In the present case, Mrs. Donlon testified further that at the time of the marriage she owned cash and property of the value of approximately $68,000; after the marriage she told Mr. Donlon that she wanted to buy and sell real property and she would put the property in joint tenancy but it would be her property, and if she died the property would be his, and if she made money it would be her money but he would not be involved in any losses. She also testified that she told him that it was her gamble but she thought it would be safe because he had a secure position (employed as a service salesman by an automobile company), and she put it in joint tenancy because (otherwise) he would have to sign quitclaim deeds; when she suggested selling a house and getting other property he told her to go ahead; he agreed that if she made money it would be her money. She bought several parcels of property and took titles in joint tenancy. Some of the parcels were sold. Mr. and Mrs. Donlon testified to the effect that Mr. Donlon turned his salary checks over to Mrs. Donlon who placed them in a joint tenancy bank account; Mrs. Donlon also placed some of her money in that bank account; when Mr. Donlon was not employed by others he did repair and maintenance work on property held in joint tenancy. Under the evidence the court might have found that the parties agreed that, in consideration of contributions made by each party for the benefit of both parties, parcel 2 would be owned in joint tenancy with all the characteristics of such an estate.

Irrespective of the source of the down payment (whether a gift by one party or unequal contributions by the parties), since it is conceded that parcel 2 is owned by the parties as joint tenants, the rights of the parties with respect to the down payment on the joint tenancy property are identical and coextensive and Mr. Donlon is not required to account to Mrs. Donlon with respect to the down payment.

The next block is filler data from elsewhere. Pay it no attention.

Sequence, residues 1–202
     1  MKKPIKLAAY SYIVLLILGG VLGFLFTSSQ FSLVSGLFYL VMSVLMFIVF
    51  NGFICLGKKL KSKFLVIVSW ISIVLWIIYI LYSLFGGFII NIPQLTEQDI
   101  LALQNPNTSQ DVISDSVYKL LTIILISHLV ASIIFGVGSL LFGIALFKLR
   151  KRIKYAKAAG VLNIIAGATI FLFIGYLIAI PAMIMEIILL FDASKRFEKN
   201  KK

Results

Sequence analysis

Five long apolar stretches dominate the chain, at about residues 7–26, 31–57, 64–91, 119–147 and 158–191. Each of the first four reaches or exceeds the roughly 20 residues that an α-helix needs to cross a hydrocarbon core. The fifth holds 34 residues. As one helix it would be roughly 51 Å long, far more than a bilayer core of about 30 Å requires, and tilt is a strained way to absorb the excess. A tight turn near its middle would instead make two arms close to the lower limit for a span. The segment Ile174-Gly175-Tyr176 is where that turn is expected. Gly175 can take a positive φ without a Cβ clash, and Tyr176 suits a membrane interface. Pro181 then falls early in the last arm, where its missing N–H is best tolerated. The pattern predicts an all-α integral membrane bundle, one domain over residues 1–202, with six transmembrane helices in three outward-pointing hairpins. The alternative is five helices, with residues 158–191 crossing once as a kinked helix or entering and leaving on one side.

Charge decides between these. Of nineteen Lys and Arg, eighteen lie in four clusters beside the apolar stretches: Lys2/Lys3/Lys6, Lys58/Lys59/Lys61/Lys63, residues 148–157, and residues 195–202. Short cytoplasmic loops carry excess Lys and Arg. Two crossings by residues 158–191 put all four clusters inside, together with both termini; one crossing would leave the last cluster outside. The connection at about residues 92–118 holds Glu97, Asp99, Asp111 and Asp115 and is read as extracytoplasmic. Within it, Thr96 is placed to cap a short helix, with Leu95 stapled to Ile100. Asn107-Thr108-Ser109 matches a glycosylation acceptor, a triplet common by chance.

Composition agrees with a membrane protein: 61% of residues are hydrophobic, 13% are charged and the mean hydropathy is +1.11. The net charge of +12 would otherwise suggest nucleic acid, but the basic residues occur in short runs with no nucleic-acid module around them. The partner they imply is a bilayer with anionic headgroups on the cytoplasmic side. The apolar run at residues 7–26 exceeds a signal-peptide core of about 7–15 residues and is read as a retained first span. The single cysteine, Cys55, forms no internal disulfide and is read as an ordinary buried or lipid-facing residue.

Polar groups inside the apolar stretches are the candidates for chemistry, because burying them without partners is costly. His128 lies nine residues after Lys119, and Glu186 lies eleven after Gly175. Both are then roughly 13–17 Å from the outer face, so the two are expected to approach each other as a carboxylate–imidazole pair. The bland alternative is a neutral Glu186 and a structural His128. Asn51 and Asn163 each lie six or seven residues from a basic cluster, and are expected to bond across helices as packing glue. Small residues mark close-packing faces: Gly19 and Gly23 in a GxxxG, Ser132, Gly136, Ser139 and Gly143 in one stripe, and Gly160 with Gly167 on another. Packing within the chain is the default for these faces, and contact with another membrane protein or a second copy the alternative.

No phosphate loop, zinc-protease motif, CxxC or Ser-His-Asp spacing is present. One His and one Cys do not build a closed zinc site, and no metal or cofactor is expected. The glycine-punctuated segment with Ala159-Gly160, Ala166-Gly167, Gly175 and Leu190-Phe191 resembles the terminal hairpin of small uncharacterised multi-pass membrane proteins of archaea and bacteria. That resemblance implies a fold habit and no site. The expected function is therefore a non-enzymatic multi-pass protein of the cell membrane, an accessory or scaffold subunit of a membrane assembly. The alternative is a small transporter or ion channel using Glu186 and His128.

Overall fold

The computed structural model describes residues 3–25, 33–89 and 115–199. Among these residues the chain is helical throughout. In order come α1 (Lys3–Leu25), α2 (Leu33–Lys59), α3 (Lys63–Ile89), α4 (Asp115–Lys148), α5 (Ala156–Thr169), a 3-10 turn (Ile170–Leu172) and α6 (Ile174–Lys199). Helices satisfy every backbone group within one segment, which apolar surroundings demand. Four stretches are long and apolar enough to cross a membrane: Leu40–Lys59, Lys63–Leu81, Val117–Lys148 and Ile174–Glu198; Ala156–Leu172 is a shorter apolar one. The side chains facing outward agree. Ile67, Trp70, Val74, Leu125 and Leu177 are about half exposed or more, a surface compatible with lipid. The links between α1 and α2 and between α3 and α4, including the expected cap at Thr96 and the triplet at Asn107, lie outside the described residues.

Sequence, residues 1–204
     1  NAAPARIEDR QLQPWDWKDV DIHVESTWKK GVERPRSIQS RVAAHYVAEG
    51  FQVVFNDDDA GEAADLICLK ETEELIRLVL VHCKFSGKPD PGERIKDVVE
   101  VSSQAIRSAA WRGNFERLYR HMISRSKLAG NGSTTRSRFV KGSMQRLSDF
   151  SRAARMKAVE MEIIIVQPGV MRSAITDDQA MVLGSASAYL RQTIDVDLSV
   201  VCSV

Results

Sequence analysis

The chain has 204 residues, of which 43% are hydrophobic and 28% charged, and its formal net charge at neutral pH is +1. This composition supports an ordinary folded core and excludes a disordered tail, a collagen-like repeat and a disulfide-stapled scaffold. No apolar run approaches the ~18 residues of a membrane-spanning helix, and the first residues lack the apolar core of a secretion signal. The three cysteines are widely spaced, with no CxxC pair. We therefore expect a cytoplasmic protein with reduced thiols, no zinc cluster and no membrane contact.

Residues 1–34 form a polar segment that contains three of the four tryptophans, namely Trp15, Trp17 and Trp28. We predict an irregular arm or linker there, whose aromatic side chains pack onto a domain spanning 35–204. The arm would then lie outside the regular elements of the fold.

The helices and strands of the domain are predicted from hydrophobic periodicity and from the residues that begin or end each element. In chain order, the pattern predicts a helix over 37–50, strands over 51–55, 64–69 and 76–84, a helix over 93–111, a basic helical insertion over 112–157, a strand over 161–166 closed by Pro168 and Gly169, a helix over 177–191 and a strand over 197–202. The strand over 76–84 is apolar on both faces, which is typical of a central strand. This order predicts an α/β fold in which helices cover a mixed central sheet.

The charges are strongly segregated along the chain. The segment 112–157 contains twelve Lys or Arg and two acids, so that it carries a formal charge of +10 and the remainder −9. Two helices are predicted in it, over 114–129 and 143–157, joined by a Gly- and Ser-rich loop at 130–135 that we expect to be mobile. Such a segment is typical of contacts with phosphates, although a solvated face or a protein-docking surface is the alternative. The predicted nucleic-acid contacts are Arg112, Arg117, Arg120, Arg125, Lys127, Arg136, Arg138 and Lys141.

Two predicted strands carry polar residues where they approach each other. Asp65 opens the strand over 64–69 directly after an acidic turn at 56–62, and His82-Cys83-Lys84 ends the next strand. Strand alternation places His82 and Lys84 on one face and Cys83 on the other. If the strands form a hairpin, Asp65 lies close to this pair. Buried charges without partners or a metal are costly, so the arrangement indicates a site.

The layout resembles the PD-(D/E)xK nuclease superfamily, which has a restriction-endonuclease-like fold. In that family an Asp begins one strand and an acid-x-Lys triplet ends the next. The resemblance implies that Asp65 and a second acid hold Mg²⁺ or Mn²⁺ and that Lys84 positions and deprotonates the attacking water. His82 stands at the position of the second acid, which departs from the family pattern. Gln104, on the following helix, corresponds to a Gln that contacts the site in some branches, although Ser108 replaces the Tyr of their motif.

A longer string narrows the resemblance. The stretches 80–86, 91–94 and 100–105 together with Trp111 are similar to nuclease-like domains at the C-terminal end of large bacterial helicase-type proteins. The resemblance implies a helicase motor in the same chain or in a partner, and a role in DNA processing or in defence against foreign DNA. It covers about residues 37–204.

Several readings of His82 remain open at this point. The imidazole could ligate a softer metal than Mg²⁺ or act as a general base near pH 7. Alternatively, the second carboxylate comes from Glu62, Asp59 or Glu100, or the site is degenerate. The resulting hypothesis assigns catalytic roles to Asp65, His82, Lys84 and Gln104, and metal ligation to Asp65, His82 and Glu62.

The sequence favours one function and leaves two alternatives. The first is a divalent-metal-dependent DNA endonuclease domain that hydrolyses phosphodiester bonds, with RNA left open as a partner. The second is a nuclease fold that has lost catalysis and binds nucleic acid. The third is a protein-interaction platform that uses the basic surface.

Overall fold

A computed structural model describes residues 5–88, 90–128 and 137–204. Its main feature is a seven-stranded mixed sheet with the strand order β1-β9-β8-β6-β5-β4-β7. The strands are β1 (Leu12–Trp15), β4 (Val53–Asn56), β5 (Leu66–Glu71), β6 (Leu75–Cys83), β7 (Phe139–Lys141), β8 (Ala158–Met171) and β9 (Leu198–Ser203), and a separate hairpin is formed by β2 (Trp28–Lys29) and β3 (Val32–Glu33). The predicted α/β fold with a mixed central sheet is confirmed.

Appellant cites Mercola v. Chester, 97 Cal.App.2d 140, 217 P.2d 32, Higgins v. Eva. 204 Cal. 231, 267 P. 1081 and Ventre v. Tiscornia, 23 Cal.App. 598, 138 P. 954, in support of her contention that she is entitled to one-half of the down payment of $9,000. In those cases the parties owned the property as tenants in common and not as joint tenants. Therefore those cases are not applicable here.

Appellant contends further that costs should not have been allowed in the interlocutory judgment. This contention is sustained. In a partition action costs ‘may not be allowed until the final judgment is entered and have no proper place in the interlocutory decree.’ Elbert, Ltd. v. Federated etc. Properties, 120 Cal.App.2d 194, 209, 261 P.2d 743, 751.

The interlocutory judgment is modified by striking therefrom the portion awarding $66.55 costs to plaintiff. The interlocutory judgment, as so modified, is affirmed.

Respondent to recover his costs on appeal.

PARKER WOOD, Justice.

SHINN, P. J., and VALLEÉ, J., concur.